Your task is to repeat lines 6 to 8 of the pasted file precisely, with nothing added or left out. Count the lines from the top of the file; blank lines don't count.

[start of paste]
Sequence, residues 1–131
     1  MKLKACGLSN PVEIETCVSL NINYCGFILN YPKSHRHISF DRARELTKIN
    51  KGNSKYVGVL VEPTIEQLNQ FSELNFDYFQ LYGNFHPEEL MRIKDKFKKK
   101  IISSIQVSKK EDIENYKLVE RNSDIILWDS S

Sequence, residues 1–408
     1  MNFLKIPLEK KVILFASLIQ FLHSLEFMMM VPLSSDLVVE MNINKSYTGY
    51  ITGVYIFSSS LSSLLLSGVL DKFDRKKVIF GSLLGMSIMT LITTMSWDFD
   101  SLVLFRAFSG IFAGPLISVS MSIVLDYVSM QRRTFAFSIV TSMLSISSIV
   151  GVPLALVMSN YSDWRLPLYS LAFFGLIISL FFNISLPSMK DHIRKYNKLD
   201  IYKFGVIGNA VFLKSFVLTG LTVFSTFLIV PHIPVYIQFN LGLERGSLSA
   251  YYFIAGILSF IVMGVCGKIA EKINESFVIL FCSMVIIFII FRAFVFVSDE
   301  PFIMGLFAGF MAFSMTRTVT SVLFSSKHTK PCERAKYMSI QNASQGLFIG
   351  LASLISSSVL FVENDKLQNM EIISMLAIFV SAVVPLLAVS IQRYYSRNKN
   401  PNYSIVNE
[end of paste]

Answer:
     1  MNFLKIPLEK KVILFASLIQ FLHSLEFMMM VPLSSDLVVE MNINKSYTGY
    51  ITGVYIFSSS LSSLLLSGVL DKFDRKKVIF GSLLGMSIMT LITTMSWDFD
   101  SLVLFRAFSG IFAGPLISVS MSIVLDYVSM QRRTFAFSIV TSMLSISSIV